Expand market reach
In a press event at Intel's headquarters, Intel and TSMC outlined the deal, which, in turn, raised more questions than answers. For years, Intel has outsourced many commodity partssuch as chipsets and other productson a foundry basis to TSMC.

But this is the first time Intel has outsourced a processor technology, which in itself is a "teutonic" shift, said G. Dan Hutcheson, chief executive of VLSI Research Inc.

Intel has no plans to get out of the fab game and will remain an IDM, said Sean Maloney, executive VP and chief sales and marketing officer at the company. The idea behind the deal with TSMC is to expand into new markets in a growing space, Maloney said. "We want to go after embedded," he said at a press event.

Anand Chandrasekher, senior VP and general manager of Intel's ultra mobility group, insisted that the company will continue with its own Atom roadmap, designing new standalone Atom processors for a range of markets. As before, it will continue to make the Atom devices in its own fabs, he said.

Intel said it would transfer unspecified Atom IP to TSMC under the terms of a memorandum of understanding between the two companies. Intel said it would maintain control over which customers can access the Atom cores.

The Atom is based on Intel's 45nm technology. It also includes Intel's prized high-k and metal-gate technologies. The Atom processor was built for low-cost netbooks and nettops.

The deal does not include manufacturing or process technology. That implies Intel has no plans to license or transfer its high-k process to TSMC.

Some believe that Intel will continue to develop and sell Atom processors based on high-k and metal gates. In contrast, TSMC will most likely offer Atom cores that have the same instruction set, but it is doubtful the devices will include high-k and metal gates.

So as a result, it's unclearor perhaps unlikelythat the potential IP cores from TSMC will have the same performance levels as those from Intel, Broadpoint.AmTech's Freedman said.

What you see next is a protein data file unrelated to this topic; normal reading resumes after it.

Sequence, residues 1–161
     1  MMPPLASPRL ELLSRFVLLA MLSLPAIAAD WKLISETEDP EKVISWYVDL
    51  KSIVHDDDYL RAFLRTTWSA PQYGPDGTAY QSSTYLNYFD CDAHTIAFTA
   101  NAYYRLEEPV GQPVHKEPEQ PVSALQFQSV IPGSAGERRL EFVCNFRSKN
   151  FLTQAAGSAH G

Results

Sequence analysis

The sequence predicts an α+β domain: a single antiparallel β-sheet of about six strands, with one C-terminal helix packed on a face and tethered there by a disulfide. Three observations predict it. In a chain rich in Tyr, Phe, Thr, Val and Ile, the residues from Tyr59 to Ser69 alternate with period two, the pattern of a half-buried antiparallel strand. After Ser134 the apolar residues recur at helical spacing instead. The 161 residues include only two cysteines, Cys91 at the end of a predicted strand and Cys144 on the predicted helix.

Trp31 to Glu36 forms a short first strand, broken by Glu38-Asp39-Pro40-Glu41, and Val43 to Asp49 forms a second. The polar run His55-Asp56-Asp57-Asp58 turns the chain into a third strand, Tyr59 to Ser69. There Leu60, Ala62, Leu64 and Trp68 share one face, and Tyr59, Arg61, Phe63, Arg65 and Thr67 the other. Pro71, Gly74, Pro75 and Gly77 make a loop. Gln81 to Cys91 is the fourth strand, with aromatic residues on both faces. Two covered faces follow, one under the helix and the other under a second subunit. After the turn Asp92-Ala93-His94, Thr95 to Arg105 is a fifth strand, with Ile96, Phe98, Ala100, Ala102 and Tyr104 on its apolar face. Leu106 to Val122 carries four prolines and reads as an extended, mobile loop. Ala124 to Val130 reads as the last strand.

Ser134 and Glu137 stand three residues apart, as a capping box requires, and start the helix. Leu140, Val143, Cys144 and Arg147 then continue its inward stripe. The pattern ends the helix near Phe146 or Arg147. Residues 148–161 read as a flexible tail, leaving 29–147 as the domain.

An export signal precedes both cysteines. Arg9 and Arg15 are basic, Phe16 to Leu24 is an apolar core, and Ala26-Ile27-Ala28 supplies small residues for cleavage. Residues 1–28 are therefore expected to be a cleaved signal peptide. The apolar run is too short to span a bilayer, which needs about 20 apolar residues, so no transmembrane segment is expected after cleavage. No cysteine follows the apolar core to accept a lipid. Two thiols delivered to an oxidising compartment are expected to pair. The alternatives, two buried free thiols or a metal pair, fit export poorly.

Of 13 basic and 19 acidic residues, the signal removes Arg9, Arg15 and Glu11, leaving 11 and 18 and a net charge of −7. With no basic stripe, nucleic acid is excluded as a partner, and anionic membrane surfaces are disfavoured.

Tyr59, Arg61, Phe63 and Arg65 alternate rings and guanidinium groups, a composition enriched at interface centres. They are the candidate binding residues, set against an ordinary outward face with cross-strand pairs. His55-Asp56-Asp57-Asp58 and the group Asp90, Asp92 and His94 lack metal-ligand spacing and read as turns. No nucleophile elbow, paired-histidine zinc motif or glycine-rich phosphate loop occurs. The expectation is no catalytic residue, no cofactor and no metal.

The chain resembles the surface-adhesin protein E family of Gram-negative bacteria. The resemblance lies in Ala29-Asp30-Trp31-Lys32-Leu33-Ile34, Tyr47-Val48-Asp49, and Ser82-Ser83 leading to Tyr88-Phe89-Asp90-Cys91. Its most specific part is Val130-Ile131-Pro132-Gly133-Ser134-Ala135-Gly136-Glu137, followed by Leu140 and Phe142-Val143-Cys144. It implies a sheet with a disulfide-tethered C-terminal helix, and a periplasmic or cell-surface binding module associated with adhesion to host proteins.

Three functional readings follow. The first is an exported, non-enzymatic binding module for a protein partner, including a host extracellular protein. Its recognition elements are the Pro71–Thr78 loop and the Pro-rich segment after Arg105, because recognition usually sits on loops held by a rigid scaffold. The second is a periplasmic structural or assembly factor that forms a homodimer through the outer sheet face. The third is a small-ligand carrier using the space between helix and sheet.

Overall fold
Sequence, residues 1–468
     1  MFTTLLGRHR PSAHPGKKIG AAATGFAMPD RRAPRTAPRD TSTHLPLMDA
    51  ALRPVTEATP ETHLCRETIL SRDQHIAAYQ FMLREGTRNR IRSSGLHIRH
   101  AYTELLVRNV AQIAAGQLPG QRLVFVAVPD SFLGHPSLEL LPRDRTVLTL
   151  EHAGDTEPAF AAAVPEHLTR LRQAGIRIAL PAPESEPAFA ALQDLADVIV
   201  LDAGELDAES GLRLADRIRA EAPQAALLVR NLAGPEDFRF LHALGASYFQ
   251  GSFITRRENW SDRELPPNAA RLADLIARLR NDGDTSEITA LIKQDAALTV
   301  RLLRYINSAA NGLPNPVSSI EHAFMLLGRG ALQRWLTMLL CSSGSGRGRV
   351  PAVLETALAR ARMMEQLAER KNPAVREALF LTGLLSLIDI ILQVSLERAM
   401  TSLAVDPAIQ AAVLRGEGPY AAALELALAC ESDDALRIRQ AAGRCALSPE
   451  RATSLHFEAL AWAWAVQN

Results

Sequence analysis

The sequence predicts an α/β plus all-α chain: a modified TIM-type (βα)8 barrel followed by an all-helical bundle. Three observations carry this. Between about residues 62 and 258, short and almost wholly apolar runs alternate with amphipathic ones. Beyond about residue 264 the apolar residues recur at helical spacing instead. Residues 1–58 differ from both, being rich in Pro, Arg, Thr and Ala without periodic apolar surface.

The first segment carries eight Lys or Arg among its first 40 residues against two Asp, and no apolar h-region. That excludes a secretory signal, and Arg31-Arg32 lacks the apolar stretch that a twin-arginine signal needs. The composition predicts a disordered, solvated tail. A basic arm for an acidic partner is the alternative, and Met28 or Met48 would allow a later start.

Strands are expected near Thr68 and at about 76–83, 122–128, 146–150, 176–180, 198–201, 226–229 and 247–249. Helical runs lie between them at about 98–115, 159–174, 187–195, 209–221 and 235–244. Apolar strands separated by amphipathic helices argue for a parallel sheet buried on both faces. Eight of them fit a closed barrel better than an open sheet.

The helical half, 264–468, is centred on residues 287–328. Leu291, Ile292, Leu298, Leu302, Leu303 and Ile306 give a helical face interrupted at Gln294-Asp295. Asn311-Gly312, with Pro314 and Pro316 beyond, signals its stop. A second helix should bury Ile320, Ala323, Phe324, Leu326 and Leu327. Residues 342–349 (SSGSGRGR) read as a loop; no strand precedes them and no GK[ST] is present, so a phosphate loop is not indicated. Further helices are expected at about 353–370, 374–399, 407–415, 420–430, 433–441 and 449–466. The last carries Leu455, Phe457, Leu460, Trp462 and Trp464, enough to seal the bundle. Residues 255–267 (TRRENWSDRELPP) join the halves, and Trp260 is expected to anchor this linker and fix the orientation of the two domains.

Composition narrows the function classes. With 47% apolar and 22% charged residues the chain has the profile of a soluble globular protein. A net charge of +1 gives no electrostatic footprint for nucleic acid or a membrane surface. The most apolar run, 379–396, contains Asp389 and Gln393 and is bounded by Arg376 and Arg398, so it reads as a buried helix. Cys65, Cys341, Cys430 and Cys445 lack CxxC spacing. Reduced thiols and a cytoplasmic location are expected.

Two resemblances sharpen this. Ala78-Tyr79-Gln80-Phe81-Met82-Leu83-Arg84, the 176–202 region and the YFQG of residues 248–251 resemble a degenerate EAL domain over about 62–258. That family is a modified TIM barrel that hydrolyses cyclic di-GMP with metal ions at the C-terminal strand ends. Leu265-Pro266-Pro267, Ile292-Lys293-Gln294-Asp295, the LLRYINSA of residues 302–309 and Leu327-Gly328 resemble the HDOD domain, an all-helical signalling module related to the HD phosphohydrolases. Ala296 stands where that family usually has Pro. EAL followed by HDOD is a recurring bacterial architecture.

On the other hand, there could be some major benefits for customers who go to TSMC for the Atom IP cores. TSMC has a large portfolio of proprietary and third-party IP, enabling customers to devise a wide range of SoC designs, he said.

Malcolm Penn, CEO and chairman of Future Horizons, added that Intel will be able to lower the cost for Atom in embedded applications by going with TSMC. "Intel has shown the gutsy single-mindedness needed to win new chip markets and it has simultaneously not shirked the hard fact that its cost and marketing structure couldn't compete. It has powerfully raised the competitive stakes in the digital consumer electronics market," he added.

On the other hand, Intel has previously fallen on its face in the arena. Several years ago, Intel made a bid for the network device, mobile phone and portable multimedia player markets with its StrongARM-derived PXA2xx and IXP4xx processor families.

Over time, Intel abandoned this effort and went back to the safety of the desktop. Will history repeat itself? Time will tell, but Intel needs new growth streams amid a tough, gloomy recession.

- Mark LaPedus
EE Times